Hands off that nest
Put that bird’s nest back where you found it! No, seriously you have to – it’s the law.
Nests, bird feathers and eggs all fall under what is called the Migratory Bird Treaty Act, or MBTA.
The law states that it is “illegal to take, possess, import, export, transport, sell, purchase, barter or offer for sale any migratory bird or the parts, nests or eggs of such a bird, except under the terms of a valid permit issued by federal and, in some cases, state agencies.”
In the early 1900s, when many species of bird were under threat because of commercial trade, their feathers and eggs were highly prized collector items and the birds themselves were sold as pets, said Dr. Jason Martin, project leader for NestWatch, of the Cornell Lab of Ornithology.
“These activities would likely still be common if this law was not created,” Martin said.
The MBTA is a federal law, but many species of birds also are protected by state and even local laws.
Trash or treasure?
So what does that mean to the regular person?
Consider this scenario: A nest is spotted in a bare, lowland shrub in the winter. It may seem innocent enough to pick it up, take it home and show it off. But how do you know it isn’t being used?
“Because it’s impossible to tell if the nest that person possesses was truly an old, discarded nest or one that was taken while still active, the MBTA prohibits the possession of any nests,” Martin said.
He added that some species will reuse old nests from year to year.
“So what appears to be an abandoned nest to us may eventually be a starter home for another bird,” Martin said.
Messing with birds’ nests also can be a health hazard.
“Sometimes nests will harbor mites and other small insects, so from a health perspective, it’s not very desirable for anyone, especially children, to handle them,” he added.
Bird feathers often can be found in woods, at feeders or along roads. But, people should resist the urge to pick them up and keep them, too, Martin warned.
“Similarly to nests, because it is difficult to know the actual origin of a feather in someone’s possession, the MBTA prohibits the possession of any feathers,” he said.
Feathers also can have mites.
“There is a special clause in the MBTA that allows some Native American groups to possess bald and golden eagle feathers associated with religious ceremonies,” Martin said.
Game birds, such as wild turkeys and pheasants, are not allowed, but only during designated hunting seasons that are established by federal and state wildlife agencies for those with proper permits.
“So, essentially, a hunting permit serves as an exemption from the MBTA for designated species during designated time frames,” Martin said. “The taking of turkeys, their feathers, etc., outside of designated hunting seasons, or during hunting seasons by those not possessing hunting permits, is still illegal under the MBTA.”
Dane Poust, partnership or co-owner of Poust Taxidermy, who has been in the business 47 years, said he deals with this kind of thing all the time.
“Say a cardinal flies into someone’s wintdow and they bring it to me and want it mounted. I have to tell them it’s federally protected and they can’t have it,” he said. “They didn’t have any hand in killing the animal, it just died, but they can’t possess it. It usually gets them upset.”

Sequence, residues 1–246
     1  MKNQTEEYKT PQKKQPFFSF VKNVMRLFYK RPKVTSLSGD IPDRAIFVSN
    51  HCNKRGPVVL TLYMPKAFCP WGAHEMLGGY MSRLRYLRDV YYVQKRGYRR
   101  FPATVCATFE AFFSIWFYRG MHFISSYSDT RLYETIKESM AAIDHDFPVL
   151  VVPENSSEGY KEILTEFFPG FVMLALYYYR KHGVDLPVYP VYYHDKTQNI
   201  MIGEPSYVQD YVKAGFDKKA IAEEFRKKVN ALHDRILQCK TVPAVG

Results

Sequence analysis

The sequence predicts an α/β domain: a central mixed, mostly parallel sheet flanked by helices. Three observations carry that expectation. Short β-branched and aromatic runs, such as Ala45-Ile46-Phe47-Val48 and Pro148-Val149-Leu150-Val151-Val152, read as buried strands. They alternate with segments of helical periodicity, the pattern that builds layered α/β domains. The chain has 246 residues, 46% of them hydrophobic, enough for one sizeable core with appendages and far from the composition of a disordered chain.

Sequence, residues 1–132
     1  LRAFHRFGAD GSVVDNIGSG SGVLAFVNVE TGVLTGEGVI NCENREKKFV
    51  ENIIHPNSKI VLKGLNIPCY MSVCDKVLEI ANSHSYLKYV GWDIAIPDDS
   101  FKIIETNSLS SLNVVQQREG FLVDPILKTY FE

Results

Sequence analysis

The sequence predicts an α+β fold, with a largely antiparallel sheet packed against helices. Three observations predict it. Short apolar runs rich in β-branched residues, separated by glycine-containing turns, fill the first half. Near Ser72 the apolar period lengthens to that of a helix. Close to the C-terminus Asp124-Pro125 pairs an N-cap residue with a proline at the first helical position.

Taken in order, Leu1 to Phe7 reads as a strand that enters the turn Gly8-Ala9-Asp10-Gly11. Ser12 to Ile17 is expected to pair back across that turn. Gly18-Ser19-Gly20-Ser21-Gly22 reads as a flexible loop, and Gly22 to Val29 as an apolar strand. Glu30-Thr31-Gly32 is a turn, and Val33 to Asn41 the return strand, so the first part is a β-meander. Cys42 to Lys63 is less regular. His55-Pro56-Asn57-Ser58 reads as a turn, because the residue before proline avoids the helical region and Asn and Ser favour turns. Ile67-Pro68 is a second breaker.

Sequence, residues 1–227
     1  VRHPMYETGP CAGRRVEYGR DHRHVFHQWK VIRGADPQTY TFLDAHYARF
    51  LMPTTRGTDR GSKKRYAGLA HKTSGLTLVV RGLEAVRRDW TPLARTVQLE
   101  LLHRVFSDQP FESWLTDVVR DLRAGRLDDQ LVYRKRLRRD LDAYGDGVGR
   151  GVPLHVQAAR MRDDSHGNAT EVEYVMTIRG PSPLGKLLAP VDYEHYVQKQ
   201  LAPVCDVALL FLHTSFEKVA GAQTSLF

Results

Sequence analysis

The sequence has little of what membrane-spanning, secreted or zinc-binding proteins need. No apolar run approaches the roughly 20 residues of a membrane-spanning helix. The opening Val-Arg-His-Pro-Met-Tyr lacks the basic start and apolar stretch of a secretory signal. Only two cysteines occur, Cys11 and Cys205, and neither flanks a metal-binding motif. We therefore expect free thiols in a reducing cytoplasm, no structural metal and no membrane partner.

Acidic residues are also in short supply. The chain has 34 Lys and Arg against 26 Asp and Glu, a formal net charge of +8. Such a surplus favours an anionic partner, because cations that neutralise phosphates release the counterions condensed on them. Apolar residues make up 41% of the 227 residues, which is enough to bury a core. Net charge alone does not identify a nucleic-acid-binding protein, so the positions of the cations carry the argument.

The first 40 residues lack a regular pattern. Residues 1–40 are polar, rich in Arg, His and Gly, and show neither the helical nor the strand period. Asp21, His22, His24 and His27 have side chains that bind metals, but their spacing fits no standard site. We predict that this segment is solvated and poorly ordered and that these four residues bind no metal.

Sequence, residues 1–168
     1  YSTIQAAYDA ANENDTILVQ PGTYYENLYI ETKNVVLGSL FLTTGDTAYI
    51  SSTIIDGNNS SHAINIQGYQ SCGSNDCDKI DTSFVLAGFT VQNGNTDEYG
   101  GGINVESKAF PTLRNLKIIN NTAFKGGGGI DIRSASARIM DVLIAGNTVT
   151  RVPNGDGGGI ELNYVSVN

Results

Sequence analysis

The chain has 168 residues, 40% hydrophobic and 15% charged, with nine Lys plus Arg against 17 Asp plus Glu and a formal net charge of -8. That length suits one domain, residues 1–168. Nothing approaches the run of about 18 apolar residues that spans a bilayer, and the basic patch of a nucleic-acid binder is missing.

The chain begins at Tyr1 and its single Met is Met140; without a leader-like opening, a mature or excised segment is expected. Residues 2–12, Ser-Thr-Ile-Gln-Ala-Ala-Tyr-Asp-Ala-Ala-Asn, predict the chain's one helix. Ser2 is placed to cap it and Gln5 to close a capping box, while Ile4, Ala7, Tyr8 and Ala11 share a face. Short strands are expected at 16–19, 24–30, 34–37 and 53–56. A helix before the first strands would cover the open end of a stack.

Poust thinks the law is a waste of a natural resource.
“It really is,” he said, because they have to just dispose of the bird.
Native ducks, doves and pigeons fall under the act, except when they are within their designated hunting seasons.
A few exceptions
Some species are exempted from the law. Non-native species such as European starlings, house sparrows and Eurasian collared doves, are not protected under the MBTA.
These species were introduced, purposely or accidentally, to the United States.
The focus of the MBTA is to protect and conserve native species and natural diversity, Martin noted.
Non-native creatures can be a threat to native species.
House sparrows can overtake nests of bluebirds, even killing adult and young.
Because steps are taken to control non-native species, including them in the MBTA would be counterproductive, Martin said.
“Interestingly, the Muscovy duck, which is native to central and south America but has spread to the U.S. in recent years, is protected under the MBTA,” he said. “Even though it was not originally from the U.S. (i.e., non-native), it is now considered native because it spread here on its own and therefore falls under the protection of the MBTA.”
Eggs, even those that appear cracked, are a no-no when it comes to nature collectors.
“Again, this has to do with not being able to know how an individual came into possession of the egg. Was it really cracked when they found it, or did it crack after it was illegally taken?” Martin said.
Martin said many small mammals, such as mice, will eat eggshells that fall from nests.
“So it is best to let nature recycle them. Some adult birds will also eat the shells of their hatched eggs in order to recycle the calcium,” he added.
Permits a must
Only people with proper permits are able to collect nests, eggs and feathers.
The permits are available for scientific researchers and professional museum collectors. They are issued by the U.S. Fish and Wildlife Service.
Sometimes, Martin said, additional permits may be required by local wildlife agencies when local protection laws and regulations apply.
So it’s like this – you can look, you can touch, but don’t pocket that and take it home. And, never physically disturb an active nest and its contents.